Hexaom (EPA:HEXA) has had a great run on the share market with its stock up by a significant 10% over the last week. As most would know, fundamentals are what usually guide market price movements over the long-term, so we decided to look at the company's key financial indicators today to determine if they have any role to play in the recent price movement. Particularly, we will be paying attention to Hexaom's ROE today.
ROE or return on equity is a useful tool to assess how effectively a company can generate returns on the investment it received from its shareholders. In simpler terms, it measures the profitability of a company in relation to shareholder's equity.
How Is ROE Calculated?
ROE can be calculated by using the formula:
Return on Equity = Net Profit (from continuing operations) ÷ Shareholders' Equity
So, based on the above formula, the ROE for Hexaom is:
13% = €27m ÷ €211m (Based on the trailing twelve months to June 2021).
The 'return' is the amount earned after tax over the last twelve months. One way to conceptualize this is that for each €1 of shareholders' capital it has, the company made €0.13 in profit.
Why Is ROE Important For Earnings Growth?
We have already established that ROE serves as an efficient profit-generating gauge for a company's future earnings. We now need to evaluate how much profit the company reinvests or "retains" for future growth which then gives us an idea about the growth potential of the company. Generally speaking, other things being equal, firms with a high return on equity and profit retention, have a higher growth rate than firms that don’t share these attributes.
A Side By Side comparison of Hexaom's Earnings Growth And 13% ROE
To start with, Hexaom's ROE looks acceptable. And on comparing with the industry, we found that the the average industry ROE is similar at 15%. Hexaom's decent returns aren't reflected in Hexaom'smediocre five year net income growth average of 3.0%. So, there could be some other factors at play that could be impacting the company's growth. For instance, the company pays out a huge portion of its earnings as dividends, or is faced with competitive pressures.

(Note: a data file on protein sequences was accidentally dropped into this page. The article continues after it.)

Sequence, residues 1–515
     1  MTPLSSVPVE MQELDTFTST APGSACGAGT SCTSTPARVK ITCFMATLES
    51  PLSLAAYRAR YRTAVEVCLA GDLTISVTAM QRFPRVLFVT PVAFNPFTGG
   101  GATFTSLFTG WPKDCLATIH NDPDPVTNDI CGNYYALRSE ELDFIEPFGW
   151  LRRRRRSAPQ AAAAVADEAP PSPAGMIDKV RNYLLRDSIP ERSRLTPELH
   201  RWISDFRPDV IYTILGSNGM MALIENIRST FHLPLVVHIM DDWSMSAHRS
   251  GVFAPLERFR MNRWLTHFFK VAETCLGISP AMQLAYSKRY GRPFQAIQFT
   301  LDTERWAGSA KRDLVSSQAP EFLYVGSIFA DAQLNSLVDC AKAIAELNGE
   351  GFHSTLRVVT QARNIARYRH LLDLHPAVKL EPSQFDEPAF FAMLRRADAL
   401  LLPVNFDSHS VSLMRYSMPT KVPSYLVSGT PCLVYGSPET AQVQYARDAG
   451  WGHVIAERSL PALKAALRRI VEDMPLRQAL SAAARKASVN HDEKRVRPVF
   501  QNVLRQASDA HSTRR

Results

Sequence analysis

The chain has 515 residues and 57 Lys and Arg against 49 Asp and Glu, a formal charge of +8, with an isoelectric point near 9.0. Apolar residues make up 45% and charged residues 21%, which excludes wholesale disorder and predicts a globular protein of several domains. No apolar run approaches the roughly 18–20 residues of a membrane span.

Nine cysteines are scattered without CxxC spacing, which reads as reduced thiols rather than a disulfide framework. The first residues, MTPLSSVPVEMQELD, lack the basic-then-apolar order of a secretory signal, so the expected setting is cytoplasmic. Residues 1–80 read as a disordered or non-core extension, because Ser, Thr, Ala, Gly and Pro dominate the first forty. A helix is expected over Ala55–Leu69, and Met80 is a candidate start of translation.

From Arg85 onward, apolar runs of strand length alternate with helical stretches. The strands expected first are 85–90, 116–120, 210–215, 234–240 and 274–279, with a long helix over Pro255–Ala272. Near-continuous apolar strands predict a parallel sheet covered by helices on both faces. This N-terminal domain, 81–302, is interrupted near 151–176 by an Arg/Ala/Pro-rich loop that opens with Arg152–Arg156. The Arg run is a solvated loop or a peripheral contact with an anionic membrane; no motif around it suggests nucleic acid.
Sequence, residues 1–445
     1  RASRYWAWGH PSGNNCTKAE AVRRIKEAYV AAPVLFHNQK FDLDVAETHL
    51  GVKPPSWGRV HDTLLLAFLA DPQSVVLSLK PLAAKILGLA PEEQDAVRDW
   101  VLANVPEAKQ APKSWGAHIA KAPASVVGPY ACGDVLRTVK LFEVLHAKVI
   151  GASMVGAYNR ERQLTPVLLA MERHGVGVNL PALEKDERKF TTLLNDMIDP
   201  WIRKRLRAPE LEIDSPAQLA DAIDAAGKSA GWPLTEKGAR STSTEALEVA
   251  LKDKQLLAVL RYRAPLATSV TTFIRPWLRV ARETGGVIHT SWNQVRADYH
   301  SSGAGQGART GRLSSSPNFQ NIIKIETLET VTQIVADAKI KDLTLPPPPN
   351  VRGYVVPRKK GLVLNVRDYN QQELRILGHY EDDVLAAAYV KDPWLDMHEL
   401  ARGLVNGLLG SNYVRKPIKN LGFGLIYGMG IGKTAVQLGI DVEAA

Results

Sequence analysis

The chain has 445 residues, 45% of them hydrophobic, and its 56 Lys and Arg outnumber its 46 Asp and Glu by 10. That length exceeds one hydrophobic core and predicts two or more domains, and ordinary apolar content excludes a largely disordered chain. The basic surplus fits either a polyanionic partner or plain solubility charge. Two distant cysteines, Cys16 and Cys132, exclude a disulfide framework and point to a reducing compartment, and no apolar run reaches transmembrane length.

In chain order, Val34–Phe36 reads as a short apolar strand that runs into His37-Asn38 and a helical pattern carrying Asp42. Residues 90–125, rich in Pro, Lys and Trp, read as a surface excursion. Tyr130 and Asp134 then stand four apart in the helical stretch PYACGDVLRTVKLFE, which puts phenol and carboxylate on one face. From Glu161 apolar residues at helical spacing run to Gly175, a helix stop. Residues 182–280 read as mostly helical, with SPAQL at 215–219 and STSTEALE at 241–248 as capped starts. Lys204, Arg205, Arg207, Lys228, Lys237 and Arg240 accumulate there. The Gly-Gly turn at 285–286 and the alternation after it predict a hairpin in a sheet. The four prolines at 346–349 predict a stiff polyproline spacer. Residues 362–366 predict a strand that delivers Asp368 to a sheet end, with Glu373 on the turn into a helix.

We then compared Hexaom's net income growth with the industry and found that the company's growth figure is lower than the average industry growth rate of 15% in the same period, which is a bit concerning.
The basis for attaching value to a company is, to a great extent, tied to its earnings growth. The investor should try to establish if the expected growth or decline in earnings, whichever the case may be, is priced in. By doing so, they will have an idea if the stock is headed into clear blue waters or if swampy waters await. One good indicator of expected earnings growth is the P/E ratio which determines the price the market is willing to pay for a stock based on its earnings prospects. So, you may want to check if Hexaom is trading on a high P/E or a low P/E, relative to its industry.
Is Hexaom Efficiently Re-investing Its Profits?
Despite having a normal three-year median payout ratio of 41% (or a retention ratio of 59% over the past three years, Hexaom has seen very little growth in earnings as we saw above. Therefore, there might be some other reasons to explain the lack in that respect. For example, the business could be in decline.
Moreover, Hexaom has been paying dividends for at least ten years or more suggesting that management must have perceived that the shareholders prefer dividends over earnings growth. Upon studying the latest analysts' consensus data, we found that the company is expected to keep paying out approximately 46% of its profits over the next three years. As a result, Hexaom's ROE is not expected to change by much either, which we inferred from the analyst estimate of 14% for future ROE.
Overall, we feel that Hexaom certainly does have some positive factors to consider. Although, we are disappointed to see a lack of growth in earnings even in spite of a high ROE and and a high reinvestment rate. We believe that there might be some outside factors that could be having a negative impact on the business. That being so, the latest analyst forecasts show that the company will continue to see an expansion in its earnings. Are these analysts expectations based on the broad expectations for the industry, or on the company's fundamentals? Click here to be taken to our analyst's forecasts page for the company.
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This article by Simply Wall St is general in nature. We provide commentary based on historical data and analyst forecasts only using an unbiased methodology and our articles are not intended to be financial advice. It does not constitute a recommendation to buy or sell any stock, and does not take account of your objectives, or your financial situation. We aim to bring you long-term focused analysis driven by fundamental data. Note that our analysis may not factor in the latest price-sensitive company announcements or qualitative material. Simply Wall St has no position in any stocks mentioned.